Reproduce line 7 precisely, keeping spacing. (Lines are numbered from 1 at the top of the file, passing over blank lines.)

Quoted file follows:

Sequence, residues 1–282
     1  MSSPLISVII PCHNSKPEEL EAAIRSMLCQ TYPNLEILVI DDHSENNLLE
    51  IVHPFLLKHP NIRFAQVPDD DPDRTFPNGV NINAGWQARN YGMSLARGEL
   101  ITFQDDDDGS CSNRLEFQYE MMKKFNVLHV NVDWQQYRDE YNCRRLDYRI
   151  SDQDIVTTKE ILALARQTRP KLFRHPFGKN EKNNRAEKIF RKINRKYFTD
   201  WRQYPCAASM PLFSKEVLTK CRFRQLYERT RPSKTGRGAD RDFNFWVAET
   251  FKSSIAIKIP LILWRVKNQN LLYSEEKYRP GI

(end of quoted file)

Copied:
   251  FKSSIAIKIP LILWRVKNQN LLYSEEKYRP GI